Legalization of abortion in the 1970s represents a major cultural change: it gives women a higher degree of freedom to directly control their fertility, allowing them to ultimately decide upon children without man’s consent and to decrease uncertainty in their expected labor market returns.

This public policy and its implications on female behavior have been so far analyzed through its direct consequences on fertility and fertility technology, primarily on women actually experiencing an abortion.

However, it seems relevant to evaluate its indirect effects on female bargaining power within the household, for all women that face abortion as an actual opportunity, without necessarily experiencing one. Although indirect, this impact may be widespread since in principle it concerns all couples where the woman is in her fertile age.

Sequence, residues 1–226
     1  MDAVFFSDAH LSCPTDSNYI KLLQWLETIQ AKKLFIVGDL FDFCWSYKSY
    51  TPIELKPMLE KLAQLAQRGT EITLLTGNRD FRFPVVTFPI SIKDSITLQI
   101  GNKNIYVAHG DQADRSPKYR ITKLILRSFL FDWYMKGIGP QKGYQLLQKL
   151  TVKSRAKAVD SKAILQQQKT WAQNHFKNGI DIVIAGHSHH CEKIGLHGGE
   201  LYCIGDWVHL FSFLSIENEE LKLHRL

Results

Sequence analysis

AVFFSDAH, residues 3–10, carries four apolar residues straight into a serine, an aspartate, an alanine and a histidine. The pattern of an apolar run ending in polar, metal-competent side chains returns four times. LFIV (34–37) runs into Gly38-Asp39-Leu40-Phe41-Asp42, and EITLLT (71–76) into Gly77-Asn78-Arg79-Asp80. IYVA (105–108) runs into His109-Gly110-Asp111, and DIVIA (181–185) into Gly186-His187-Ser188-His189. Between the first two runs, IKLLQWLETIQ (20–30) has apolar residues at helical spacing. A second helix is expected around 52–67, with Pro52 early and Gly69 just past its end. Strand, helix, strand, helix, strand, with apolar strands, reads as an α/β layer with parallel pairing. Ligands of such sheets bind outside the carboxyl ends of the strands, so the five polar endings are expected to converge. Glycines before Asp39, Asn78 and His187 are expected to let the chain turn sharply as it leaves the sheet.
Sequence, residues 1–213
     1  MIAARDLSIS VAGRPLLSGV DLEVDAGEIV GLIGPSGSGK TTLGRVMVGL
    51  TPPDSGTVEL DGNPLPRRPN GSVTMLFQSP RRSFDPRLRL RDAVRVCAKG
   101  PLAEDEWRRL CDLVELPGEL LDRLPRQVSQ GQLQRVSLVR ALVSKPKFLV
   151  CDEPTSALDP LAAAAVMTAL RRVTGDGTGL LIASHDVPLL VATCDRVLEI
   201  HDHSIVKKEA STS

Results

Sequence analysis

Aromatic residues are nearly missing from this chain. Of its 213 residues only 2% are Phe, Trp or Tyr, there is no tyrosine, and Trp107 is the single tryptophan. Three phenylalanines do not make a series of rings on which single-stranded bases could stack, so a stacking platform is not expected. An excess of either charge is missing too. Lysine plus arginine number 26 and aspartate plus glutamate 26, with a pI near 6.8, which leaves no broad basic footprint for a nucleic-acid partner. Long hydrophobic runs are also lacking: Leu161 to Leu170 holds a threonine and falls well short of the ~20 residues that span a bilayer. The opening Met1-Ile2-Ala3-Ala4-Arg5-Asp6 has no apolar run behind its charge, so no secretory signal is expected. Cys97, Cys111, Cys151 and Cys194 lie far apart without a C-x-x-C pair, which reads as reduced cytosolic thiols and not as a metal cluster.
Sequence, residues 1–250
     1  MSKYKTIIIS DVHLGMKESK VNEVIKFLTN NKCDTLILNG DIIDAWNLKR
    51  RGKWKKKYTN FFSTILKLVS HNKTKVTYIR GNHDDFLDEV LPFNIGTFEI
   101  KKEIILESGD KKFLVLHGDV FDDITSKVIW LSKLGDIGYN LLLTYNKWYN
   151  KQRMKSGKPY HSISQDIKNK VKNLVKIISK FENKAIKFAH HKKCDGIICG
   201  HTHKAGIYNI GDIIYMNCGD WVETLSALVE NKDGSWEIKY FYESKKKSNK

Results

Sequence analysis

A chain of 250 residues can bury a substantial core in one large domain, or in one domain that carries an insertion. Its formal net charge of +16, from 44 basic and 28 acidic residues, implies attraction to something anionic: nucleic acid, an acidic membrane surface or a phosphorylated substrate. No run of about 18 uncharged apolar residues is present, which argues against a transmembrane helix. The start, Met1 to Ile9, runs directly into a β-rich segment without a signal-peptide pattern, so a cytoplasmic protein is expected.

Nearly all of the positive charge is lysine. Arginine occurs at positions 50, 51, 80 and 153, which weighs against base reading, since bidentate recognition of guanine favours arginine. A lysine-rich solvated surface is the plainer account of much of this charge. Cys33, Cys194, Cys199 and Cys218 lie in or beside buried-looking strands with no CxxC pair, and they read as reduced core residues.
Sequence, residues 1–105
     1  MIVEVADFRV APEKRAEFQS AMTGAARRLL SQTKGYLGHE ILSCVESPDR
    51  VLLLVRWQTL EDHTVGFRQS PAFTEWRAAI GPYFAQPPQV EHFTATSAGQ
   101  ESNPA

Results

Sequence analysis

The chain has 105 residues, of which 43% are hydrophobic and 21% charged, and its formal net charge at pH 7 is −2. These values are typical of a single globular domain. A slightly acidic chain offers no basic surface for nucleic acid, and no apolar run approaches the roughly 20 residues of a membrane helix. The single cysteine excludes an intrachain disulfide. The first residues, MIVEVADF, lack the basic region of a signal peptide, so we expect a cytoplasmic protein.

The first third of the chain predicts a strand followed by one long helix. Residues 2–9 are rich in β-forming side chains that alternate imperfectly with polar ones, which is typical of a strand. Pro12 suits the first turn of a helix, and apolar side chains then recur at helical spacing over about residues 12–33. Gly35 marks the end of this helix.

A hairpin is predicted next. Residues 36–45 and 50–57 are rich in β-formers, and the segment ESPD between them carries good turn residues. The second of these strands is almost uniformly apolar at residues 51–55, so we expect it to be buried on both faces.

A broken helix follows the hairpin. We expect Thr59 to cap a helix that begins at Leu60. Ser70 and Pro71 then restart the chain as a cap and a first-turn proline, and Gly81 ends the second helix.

I focus on the indirect effect of abortion legalization in the United States on women’s position in the household. My findings suggest that the legalization positively affected female bargaining power.

In a dynamic model of possible commitment to marital contract, I analyze households that were already formed before the legalization and I test for the renegotiation of the household’s initial contract in the presence of the shock to bargaining power balance represented by abortion legalization. Results seem to reject the full commitment assumption.

Specifically, I analyze the legalization of abortion as a distribution factor in a collective model of household behaviour through its effects on female labor supply and find that (controlling for the number of children) the legalization significantly decreased labor supply of married women in their fertile age and significantly increased their husbands’, while no such effect is found for older married women nor for single and divorced women or men.